I didn't look at the paper in too much detail, but my best guess is that $\partial_{x_i}A$ is a rank-3 tensor, in the sense that we can write $$v\cdot\partial_{x_i}A = \lim_{h\to 0} \frac{1}{h}(A[x_1, \ldots,x_i + hv, \ldots,x_p] - A[x_1,\ldots, x_p])$$

Or, in index notation, writing $a_{ij} = \frac{1}{x_i - x_j}$, we have that $$(\partial_{x_l}A)_{ijk} = \partial_{(x_l)^k} (\sum_{m} [(x_i)^m - (x_j)^m]^2)^{-1/2}$$
where $(x_l)^k$ denotes the $k$-th component of the point $x_l$. So in conjecture 1 of the linked paper, the term inside the absolute value sign in the first supremum is in fact, a vector, with the $i$ and $j$-th component in the above expression contracted against a vector $u$.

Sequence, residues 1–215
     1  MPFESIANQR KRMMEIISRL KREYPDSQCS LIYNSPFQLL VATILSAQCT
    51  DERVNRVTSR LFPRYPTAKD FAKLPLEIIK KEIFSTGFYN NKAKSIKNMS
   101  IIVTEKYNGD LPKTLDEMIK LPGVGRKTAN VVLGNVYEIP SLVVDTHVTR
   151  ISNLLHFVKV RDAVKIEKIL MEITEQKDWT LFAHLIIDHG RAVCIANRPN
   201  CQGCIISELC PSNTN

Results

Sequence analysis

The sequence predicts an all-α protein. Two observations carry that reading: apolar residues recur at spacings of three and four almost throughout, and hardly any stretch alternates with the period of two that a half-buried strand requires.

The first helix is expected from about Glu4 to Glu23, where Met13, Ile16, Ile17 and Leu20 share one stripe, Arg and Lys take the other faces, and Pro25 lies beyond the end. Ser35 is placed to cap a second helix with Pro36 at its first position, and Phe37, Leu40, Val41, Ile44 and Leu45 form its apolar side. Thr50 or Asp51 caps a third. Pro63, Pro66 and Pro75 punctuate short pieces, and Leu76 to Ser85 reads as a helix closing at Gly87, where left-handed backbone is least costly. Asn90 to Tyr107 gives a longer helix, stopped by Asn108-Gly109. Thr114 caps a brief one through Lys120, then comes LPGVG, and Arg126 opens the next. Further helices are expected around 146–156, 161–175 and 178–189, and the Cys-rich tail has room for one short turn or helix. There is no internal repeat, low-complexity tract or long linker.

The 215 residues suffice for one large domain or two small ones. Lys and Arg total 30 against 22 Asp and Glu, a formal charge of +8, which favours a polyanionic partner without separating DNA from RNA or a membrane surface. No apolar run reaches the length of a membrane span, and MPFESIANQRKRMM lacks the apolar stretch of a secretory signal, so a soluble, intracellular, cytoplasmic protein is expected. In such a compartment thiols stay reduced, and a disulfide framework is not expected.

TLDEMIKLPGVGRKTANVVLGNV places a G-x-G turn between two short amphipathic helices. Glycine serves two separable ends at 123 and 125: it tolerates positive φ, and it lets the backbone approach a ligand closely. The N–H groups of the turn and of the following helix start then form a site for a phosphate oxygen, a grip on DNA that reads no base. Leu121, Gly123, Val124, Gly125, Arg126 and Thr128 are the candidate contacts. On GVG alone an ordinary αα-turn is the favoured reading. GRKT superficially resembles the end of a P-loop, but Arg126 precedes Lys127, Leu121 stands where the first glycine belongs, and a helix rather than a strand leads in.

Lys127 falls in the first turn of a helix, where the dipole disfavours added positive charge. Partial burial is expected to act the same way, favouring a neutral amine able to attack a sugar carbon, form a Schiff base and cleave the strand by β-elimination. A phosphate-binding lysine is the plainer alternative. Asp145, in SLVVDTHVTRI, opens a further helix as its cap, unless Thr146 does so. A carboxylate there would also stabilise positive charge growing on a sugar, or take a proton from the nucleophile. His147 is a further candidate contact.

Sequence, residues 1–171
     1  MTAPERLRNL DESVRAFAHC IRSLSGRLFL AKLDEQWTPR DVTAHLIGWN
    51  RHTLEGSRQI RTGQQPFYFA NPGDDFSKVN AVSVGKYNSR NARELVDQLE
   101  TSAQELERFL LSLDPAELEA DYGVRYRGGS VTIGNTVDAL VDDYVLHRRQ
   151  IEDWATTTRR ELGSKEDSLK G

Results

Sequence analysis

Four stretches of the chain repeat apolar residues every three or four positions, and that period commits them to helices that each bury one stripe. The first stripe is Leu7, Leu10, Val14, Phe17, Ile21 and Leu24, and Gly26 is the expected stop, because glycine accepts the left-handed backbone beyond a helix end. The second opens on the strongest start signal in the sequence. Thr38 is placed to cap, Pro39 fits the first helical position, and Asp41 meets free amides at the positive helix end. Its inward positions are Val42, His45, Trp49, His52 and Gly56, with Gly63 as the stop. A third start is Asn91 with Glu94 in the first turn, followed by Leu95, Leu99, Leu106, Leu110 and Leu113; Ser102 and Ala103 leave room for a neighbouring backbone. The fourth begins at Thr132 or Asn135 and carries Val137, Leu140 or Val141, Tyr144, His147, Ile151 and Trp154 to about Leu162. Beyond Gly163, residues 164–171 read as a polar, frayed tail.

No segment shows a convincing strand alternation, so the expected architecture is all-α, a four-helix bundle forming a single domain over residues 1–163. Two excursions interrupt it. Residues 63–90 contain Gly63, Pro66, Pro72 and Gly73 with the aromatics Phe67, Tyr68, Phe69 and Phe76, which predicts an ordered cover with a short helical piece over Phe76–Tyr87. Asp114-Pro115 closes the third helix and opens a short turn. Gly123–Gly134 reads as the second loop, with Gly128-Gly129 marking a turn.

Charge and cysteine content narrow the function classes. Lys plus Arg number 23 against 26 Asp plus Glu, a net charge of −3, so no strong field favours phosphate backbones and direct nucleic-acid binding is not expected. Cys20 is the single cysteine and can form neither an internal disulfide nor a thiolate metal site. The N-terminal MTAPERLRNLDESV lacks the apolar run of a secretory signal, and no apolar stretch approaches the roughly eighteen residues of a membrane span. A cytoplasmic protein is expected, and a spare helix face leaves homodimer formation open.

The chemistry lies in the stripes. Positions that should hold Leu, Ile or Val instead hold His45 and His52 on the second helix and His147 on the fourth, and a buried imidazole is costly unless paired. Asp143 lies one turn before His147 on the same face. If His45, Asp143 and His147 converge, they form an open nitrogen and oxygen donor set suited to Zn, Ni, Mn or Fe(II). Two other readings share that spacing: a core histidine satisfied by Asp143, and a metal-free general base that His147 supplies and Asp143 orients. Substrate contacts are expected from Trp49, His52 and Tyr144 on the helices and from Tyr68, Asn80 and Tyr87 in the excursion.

More intuitively, you can think of it as the gradient on the total space projected to the $k$-th copy of $\mathbb{R}^3$.

It is, admittedly, somewhat questionable and sloppy notation. I may have written it as the variation $\delta A / \delta x_i$ instead to get over the cognitive disconnect of taking a partial relative to a vector, but still it implicitly depends on the Euclidean structure of $\mathbb{R}^p$.